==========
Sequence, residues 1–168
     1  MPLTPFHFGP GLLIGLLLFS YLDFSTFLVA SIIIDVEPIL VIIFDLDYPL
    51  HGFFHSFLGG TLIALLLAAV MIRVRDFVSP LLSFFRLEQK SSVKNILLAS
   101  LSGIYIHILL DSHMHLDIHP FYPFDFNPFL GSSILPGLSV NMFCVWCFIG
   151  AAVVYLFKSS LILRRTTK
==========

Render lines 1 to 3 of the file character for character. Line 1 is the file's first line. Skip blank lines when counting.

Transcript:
Sequence, residues 1–168
     1  MPLTPFHFGP GLLIGLLLFS YLDFSTFLVA SIIIDVEPIL VIIFDLDYPL
    51  HGFFHSFLGG TLIALLLAAV MIRVRDFVSP LLSFFRLEQK SSVKNILLAS